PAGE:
In another post I will suggest some eco-friendly measures to repel mosquitoes and reclaim your yard.
Natural rattan is a vine-like palm plant with long, thin fronds. The dried fronds are woven into many shapes, including patio furniture. However, most rattan patio furniture is manufactured using a plastic resin called PVC which emulates the qualities of natural rattan—hence, PVC rattan or wicker rattan.
Wicker rattan furniture has the appearance and color of natural rattan, so it maintains that traditional country garden look you’re seeking. But it’s more durable and more affordable than natural rattan. Water does not affect it, and it withstands heat and cold, which makes it an all-weather, all-climate material. In addition, today’s manufacturing methods include UV inhibitors to produce a rattan weave that is colorfast. So, you needn’t worry about your stylish rattan furniture fading from long exposure to the sun.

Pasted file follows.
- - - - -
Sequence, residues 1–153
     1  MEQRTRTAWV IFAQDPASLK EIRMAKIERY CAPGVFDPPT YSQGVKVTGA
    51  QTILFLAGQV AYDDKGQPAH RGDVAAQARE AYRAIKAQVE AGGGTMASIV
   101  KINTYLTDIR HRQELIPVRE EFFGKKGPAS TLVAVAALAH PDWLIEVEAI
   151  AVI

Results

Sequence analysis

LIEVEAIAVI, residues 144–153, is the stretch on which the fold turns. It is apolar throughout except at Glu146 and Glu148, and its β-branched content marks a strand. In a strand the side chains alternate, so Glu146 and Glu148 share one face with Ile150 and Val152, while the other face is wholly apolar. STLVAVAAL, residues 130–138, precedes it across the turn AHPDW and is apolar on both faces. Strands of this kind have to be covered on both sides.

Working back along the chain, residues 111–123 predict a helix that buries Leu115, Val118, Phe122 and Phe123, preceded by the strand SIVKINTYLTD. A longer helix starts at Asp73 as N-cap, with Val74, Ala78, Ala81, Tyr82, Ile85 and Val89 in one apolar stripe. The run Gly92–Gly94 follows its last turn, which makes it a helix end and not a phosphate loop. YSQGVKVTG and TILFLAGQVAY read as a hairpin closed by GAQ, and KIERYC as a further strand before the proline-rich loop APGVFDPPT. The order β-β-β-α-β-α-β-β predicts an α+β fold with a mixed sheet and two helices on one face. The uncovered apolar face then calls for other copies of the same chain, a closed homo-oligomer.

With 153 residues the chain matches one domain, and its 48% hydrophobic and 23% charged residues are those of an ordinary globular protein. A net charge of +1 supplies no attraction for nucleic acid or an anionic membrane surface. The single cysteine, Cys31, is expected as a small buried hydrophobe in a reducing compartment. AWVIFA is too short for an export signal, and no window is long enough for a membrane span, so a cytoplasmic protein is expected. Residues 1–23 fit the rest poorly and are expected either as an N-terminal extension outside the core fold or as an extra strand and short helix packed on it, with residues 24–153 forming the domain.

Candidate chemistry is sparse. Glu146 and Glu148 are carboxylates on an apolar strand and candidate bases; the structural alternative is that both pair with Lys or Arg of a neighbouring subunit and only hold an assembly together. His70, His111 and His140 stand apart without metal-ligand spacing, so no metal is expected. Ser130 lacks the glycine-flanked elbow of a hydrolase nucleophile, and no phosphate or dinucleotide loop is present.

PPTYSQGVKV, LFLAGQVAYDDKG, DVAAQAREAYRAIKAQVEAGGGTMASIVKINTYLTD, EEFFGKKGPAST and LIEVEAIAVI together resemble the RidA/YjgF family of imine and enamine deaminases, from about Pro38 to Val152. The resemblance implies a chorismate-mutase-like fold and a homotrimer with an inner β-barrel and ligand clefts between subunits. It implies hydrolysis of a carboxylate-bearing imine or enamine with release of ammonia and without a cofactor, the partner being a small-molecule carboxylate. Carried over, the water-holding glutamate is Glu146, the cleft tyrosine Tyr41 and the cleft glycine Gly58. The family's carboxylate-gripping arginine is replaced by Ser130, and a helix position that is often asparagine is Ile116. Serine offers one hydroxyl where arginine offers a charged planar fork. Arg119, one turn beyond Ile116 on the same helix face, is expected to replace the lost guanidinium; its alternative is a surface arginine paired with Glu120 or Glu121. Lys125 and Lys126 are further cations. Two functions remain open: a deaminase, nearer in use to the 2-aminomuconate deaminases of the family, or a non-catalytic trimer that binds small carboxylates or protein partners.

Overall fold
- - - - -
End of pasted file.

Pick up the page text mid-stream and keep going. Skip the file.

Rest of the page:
Wicker rattan is truly a material for all-weather outdoor furniture. With pieces of wicker rattan garden furniture, you need not completely replace your garden furniture every two or three years. And the look of rattan is versatile: It may also be used in an enclosed porch or a sunroom or even as den or living-room pieces.
As pets, rabbits might remind you of Peter Rabbit, the Easter Bunny and Bugs Bunny (for those of us who remember him!). But they love to devour your flowers or vegetables. The occasional bunny might not be too much of a problem, but several constitute a plague! The problem isn’t confined to a few locations in the United States, either. It crops up around the world.
Some experts believe that, in city and suburban areas at least, lack of predators could be the main cause. Milder winters in some areas and ready access to cover may also contribute to the surge in rabbit populations.
Here are a few humane tips to help you deter the bunnies: 1. Build raised garden beds, at least 18 inches high. 2. Install chicken-wire fencing with holes no looser than 1 inch. For a more aesthetically pleasing fence, attach the wire to a picket or rail fence. Be sure to bury the wire several inches below the ground. 3. Make homemade or buy commercial repellents, although many of these are repellent to humans, too!